The two candidates in Mesquite’s mayoral race, Al Litman and Art Pareida, answered questions at the Chamber of Commerce luncheon Wednesday, Sept. 14, covering a wide range of business-related questions. Dave Bennett served as moderator.

When asked what he thought were three biggest challenges for Mesquite’s business community, Pareida said he had asked business owners if the city was business friendly and all of them confirmed it was. Business growth has been stagnant, mostly because of the great recession, Pareida said, “but it’s time to move on” citing examples of recent business growth in Las Vegas, St. George, Utah, and California.

Litman addressed the question saying Mesquite’s small workforce is one of the great issues for local businesses. He described two new businesses coming into Mesquite as having a “terrible time trying to fill their positions.” He also said two limiting factors for the workforce pool were the small number of local high school graduates and a large number of retirees.

He said the city has fast-tracked business permits and licenses to help make it easier for businesses to come into Mesquite. Litman also said the city is working closely with other companies to bring natural gas to Mesquite making it cheaper for them to operate.

Pareida said that while residential development is fairly healthy the city needs more businesses especially in the industrial park. “I would like to see the Chamber of Commerce and Mesquite Regional Business, Inc. be more productive in promoting the city to outside businesses,” he said.

While Litman said businesses are interested in Mesquite “we can’t drag them into the city. They are looking at Mesquite because we have a great quality of life.” He wants to attract companies that won’t add pollution.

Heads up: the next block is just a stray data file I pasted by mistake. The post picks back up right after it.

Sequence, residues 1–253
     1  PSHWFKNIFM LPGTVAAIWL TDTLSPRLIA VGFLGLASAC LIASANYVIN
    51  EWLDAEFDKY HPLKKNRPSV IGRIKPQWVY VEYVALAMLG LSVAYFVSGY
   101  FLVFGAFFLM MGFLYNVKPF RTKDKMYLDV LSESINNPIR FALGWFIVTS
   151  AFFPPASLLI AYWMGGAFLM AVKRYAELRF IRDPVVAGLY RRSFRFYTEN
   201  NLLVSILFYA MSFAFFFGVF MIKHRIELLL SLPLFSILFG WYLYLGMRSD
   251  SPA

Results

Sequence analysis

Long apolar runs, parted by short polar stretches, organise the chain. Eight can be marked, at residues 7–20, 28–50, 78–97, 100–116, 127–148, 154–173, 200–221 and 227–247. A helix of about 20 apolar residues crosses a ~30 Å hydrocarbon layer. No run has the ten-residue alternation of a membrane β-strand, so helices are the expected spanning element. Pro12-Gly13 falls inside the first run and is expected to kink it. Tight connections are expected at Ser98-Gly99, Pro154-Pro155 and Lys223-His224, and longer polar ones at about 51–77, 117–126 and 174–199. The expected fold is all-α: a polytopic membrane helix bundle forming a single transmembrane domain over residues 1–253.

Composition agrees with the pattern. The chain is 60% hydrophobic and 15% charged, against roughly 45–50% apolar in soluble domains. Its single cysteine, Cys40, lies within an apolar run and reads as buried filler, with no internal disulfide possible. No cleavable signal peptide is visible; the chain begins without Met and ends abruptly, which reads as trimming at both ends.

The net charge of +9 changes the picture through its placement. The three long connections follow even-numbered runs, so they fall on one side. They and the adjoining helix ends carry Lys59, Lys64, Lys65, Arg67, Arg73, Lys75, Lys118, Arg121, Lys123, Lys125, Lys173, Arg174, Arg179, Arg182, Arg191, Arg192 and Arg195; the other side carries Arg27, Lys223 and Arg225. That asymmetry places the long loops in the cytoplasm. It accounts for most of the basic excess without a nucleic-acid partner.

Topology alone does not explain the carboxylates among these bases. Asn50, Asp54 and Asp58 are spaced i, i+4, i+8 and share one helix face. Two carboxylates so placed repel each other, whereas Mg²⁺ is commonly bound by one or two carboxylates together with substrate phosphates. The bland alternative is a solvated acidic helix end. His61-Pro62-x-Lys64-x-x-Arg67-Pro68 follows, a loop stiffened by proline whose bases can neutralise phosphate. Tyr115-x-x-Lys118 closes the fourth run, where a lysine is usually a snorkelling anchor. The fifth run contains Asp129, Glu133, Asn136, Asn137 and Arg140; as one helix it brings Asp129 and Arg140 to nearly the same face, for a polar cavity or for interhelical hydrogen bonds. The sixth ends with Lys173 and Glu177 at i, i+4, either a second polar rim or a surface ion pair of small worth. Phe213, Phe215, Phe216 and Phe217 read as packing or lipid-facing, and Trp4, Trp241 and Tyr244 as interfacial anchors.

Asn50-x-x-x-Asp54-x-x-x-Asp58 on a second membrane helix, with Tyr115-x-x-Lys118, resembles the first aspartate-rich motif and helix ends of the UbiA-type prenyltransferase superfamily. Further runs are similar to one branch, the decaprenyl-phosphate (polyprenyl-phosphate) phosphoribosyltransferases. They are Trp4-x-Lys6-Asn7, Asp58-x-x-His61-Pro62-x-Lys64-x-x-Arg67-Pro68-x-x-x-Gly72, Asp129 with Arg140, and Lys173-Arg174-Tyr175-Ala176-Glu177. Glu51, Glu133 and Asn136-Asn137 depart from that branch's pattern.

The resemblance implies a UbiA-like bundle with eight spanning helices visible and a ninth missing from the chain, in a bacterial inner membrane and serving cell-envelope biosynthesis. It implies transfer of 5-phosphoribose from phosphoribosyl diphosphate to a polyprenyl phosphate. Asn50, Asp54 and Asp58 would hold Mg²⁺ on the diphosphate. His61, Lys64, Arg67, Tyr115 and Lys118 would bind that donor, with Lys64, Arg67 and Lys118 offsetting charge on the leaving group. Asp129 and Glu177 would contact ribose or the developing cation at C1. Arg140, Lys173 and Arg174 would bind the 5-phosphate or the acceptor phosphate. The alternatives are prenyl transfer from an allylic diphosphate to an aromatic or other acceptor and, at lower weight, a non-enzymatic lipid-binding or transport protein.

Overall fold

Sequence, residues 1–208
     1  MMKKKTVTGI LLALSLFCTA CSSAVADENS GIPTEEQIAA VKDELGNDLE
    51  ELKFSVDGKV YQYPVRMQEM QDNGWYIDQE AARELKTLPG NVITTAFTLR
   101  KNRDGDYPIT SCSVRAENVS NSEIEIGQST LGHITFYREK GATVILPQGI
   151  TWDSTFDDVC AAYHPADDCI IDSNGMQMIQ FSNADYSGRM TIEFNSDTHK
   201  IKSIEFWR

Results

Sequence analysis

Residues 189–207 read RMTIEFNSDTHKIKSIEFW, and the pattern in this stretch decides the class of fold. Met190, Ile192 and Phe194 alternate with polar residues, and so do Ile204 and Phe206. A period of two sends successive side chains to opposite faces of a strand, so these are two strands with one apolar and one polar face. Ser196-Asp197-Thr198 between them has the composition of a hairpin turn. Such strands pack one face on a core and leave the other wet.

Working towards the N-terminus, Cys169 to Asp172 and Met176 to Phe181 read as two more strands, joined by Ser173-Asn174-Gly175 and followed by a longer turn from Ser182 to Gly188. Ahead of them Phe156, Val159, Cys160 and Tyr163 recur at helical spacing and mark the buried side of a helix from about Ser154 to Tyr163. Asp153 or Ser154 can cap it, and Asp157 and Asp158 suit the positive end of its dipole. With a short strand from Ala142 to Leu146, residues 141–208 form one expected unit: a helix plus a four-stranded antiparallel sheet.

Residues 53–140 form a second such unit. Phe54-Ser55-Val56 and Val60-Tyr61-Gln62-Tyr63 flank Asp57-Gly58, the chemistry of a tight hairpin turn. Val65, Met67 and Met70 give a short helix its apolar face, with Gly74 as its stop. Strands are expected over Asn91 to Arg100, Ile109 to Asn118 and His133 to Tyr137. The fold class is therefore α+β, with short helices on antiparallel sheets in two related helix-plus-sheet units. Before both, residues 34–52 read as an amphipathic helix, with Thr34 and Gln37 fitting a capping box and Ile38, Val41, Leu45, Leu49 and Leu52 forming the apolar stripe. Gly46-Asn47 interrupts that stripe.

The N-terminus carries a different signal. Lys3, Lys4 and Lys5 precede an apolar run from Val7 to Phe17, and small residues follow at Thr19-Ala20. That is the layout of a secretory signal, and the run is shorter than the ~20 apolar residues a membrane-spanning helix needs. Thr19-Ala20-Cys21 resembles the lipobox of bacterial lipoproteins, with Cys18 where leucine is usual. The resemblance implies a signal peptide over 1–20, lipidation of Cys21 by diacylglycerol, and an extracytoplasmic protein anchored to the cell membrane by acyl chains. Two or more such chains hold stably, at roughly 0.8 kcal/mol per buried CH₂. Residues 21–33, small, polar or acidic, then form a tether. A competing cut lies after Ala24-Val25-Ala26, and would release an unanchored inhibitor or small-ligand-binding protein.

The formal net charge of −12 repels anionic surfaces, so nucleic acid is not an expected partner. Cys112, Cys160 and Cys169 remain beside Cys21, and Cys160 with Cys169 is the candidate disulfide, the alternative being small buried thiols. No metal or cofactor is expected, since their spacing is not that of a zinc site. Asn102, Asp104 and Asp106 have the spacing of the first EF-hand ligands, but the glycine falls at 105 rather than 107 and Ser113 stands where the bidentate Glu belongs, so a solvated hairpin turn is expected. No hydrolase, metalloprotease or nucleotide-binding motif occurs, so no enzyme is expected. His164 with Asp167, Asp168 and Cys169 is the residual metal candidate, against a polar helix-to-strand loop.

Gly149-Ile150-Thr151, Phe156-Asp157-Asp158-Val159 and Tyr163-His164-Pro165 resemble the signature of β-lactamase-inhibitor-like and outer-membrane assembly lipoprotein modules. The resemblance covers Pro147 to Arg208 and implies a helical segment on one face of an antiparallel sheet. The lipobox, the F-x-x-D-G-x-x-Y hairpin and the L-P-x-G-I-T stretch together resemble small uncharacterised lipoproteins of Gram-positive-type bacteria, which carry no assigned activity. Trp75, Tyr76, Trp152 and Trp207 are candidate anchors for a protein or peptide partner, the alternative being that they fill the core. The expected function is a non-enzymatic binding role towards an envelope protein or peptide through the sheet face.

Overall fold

Pareida said the new truck stop travel center at the I-15 Exit 118 is great but “it sits alone out there in the boonies. We need businesses around it. But I’ve heard that we don’t want to lose the ‘Mayberry affect’ of a small town. If that’s what you want, I respect that but you’ll end up with a Mayberry police department and a Hooterville fire department. I’m for growth.”

Both candidates addressed the issue of raising business licenses and fees as a way to generate more income for the city. Pareida said it isn’t necessary to raise license fees but rather “we need to look at our base income” of all employees. He advocates a raise in the minimum wage paid by private businesses as a way to increase the income tax the city could receive. He cited the fact that 60 percent of elementary school children receive low-income free lunches. “We are contributing to that” he said because of the low wages paid by businesses.

Litman said he was not in favor of raising business license fees because it isn’t a big income source. He also said that the state’s consolidated tax (C-tax) was confusing and increased property taxes aren’t a solution either because very little of them stay in Mesquite.

As a follow-up, the candidates were asked their thoughts on increasing the city’s income especially in light of a potential hit from settling a union employee contract.

Litman said if the settlement is extremely large, the city would appeal it. He added that in a couple cases, employees who mow lawns are making $65,000 in pay and benefits. He said that this year was the first in nine years that the city had a balanced budget. “We can’t hit all the businesses with all these fees and expect them to pay.”

Pareida reiterated his call for raising the minimum wage for employees of privately owned businesses saying that “raising the minimum wage doesn’t cause prices to go up.” He said that would help keep younger people in Mesquite.